AOPA will be closing at 2:30 p.m. EDT, August 29th, in observance of the Labor Day Holiday. We will reopen on 8:30 a.m. EDT, Tuesday, September 2nd.
August 1, 2013
Examining light jet accident statistics, it’s immediately clear that pilots going off the end of the runway are responsible for a lion’s share of bent metal. When considering how manufacturers derive the performance information that tells a pilot how much landing runway is needed, this fact becomes more understandable. If a jet’s aircraft flight manual (AFM) says that for given weight, altitude, and temperature (WAT) conditions, 2,500 feet of runway is required to come to a complete stop, it’s not unreasonable for a pilot to be surprised if he or she ends up off the runway where 4,000 feet of pavement actually exists. However, considering all the variables that must be aligned properly to achieve the near-mythic AFM performance, a different picture emerges.
The fundamental issue is that, as compared to takeoffs—the other event where required versus existing runway must be evaluated—landings are a much less reproducible maneuver. For takeoff a pilot need merely apply full power while holding the brakes; then, at the proper speed, begin rotating so as to increase the pitch attitude about three degrees per second. Do this, and for given WAT conditions, very little variation would be expected with regards to how much pavement is needed to reach 35 feet agl.
Contrast this with a landing—to achieve AFM performance, the pilot must be exactly at the specified approach speed (VREF), and exactly 50 feet above the runway as the threshold is crossed. No floating may occur, and once the aircraft is on the ground, maximum wheel braking must immediately be applied. Landing isn’t a case of needing to be as good as a test pilot to realize AFM performance; it’s actually a case of needing to be better than a test pilot. While certifying the airplane’s performance numbers, test pilots will execute landing after landing to get the data points needed to create the AFM. If a particular approach and landing was flown at a knot above VREF, or a bit too high across the threshold, the data simply are not used, and the landing is flown again. Thus, even a test pilot might not achieve “book numbers” on every landing.
Now consider that for a light jet with a VREF of 100 knots, the aircraft is moving roughly 170 feet per second as it crosses the threshold; every second the pilot floats or delays brake application will add 170 feet to the distance needed to bring the aircraft to a stop. If the pilot flies slightly fast or high, further penalties will be extracted—120 feet extra landing distance for every knot over VREF, 20 feet for every foot higher than the ideal 50 feet crossing the threshold.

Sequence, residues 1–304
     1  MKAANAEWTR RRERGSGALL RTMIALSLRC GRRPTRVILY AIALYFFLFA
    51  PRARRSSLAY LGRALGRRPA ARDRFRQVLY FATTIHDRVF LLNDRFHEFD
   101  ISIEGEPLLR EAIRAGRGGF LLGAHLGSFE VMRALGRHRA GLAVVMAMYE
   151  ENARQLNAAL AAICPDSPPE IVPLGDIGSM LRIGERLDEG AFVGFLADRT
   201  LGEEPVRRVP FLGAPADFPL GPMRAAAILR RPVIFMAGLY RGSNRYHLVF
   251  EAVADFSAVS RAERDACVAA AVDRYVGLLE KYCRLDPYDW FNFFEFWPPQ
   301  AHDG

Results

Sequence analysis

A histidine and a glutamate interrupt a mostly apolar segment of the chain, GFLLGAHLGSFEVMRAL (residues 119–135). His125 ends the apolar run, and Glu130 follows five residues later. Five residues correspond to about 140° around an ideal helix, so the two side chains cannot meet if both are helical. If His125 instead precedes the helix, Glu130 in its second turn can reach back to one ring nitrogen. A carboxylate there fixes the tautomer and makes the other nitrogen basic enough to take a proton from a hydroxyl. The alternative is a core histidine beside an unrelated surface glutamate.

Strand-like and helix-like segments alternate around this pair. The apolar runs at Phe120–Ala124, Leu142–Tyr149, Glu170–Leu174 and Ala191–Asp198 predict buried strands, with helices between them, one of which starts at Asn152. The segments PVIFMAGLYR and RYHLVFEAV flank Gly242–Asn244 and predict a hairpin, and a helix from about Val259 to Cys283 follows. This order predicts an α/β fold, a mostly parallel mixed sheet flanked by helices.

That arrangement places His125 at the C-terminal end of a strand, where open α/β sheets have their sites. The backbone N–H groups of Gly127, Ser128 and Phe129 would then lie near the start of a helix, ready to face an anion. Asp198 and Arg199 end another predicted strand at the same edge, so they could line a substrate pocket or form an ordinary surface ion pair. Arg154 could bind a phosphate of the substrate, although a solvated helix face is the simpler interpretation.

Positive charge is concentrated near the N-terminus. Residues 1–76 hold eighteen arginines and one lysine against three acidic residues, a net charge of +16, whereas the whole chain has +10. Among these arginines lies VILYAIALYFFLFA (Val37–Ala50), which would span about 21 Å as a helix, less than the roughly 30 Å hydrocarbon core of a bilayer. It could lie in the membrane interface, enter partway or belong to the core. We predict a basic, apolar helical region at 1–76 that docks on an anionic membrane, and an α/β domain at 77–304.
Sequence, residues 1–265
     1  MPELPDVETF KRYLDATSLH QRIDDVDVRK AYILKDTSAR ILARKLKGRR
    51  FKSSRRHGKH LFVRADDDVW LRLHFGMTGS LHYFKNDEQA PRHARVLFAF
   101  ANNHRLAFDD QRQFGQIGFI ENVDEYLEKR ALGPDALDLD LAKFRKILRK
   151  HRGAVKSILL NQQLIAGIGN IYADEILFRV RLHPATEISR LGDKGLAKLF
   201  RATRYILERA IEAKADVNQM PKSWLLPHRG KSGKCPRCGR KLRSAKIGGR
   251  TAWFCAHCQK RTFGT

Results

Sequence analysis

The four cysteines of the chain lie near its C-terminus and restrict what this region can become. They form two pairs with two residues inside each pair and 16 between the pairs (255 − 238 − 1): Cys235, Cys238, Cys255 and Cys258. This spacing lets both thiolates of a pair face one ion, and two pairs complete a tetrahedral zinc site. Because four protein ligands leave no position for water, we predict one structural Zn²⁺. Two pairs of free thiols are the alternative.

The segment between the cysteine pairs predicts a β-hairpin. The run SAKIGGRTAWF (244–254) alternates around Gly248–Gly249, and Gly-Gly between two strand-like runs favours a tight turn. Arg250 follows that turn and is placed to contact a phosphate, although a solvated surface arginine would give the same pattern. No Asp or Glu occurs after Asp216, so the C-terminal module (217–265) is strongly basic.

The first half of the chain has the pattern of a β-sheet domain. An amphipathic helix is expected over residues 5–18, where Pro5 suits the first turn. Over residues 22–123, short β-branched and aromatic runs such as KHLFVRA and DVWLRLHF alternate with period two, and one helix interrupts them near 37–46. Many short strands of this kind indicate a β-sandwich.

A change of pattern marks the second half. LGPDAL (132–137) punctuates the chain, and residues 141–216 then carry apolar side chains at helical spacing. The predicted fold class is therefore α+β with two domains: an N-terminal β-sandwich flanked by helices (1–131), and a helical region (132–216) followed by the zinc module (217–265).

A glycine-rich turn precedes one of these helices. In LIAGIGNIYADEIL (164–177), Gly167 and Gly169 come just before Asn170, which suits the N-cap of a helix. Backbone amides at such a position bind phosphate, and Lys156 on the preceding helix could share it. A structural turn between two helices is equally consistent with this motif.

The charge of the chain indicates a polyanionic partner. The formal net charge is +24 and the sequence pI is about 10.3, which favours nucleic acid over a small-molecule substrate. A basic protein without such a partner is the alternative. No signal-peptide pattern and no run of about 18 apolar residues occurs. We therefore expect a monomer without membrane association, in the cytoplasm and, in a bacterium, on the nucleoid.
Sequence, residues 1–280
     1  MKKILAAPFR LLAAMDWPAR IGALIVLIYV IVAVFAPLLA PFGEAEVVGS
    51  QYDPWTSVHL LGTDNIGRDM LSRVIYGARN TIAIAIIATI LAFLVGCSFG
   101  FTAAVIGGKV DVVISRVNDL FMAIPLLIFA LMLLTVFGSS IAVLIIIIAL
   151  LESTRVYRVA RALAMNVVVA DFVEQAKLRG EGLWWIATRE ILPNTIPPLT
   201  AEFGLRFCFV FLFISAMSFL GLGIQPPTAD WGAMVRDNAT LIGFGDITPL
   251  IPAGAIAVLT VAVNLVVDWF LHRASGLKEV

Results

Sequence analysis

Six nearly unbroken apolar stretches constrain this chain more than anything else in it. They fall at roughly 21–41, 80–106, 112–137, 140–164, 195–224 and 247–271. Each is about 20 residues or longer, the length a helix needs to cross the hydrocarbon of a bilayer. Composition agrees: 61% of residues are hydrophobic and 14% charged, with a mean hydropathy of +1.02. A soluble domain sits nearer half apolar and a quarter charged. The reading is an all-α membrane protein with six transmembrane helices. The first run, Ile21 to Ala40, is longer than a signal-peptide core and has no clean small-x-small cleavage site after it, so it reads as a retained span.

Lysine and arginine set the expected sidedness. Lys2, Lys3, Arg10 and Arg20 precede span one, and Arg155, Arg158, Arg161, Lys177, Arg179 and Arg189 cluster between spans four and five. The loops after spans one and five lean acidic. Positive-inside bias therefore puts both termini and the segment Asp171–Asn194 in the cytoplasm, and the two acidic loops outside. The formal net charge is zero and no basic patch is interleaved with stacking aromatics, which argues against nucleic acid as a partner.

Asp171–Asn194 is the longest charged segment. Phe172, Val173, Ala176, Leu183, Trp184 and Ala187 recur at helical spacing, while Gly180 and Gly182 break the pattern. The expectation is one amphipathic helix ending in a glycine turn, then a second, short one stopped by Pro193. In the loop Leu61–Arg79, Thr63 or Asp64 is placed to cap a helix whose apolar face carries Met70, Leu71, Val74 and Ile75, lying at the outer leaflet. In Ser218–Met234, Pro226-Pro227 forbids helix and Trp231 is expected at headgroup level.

Looking at the cumulative effects of a less-than-perfect approach, imagine a pilot crossing the threshold five knots fast and 20 feet too high. The extra speed contributes to two seconds of floating, and the pilot waits three seconds to apply brakes. While this approach and landing is certainly not desirable, all pilots will have some landings that are on the outside edge of acceptable performance—and this would not be a particularly sloppy specimen. Yet for these minor deviations from ideal, nearly 2,000 feet of extra runway will be used.
Considering these facts, the prudent jet pilot applies a safety factor to AFM performance data for landing purposes. Many pilots voluntarily follow similar guidance that charter operators are required to apply for dispatch; the airplane must be calculated to be stopped in 60 percent of the available runway length. Thus, for a 5,000-foot runway, landing would only be attempted if the AFM says that 3,000 feet or less is needed for actual WAT conditions, leaving a 2,000-foot buffer for the unavoidable excursions from perfect technique.
Neil Singer is a Master CFI with more than 7,200 hours in 15 years of flying.
Takeoffs and Landings,
Aircraft Power and Fuel,
General Aviation Statistics,
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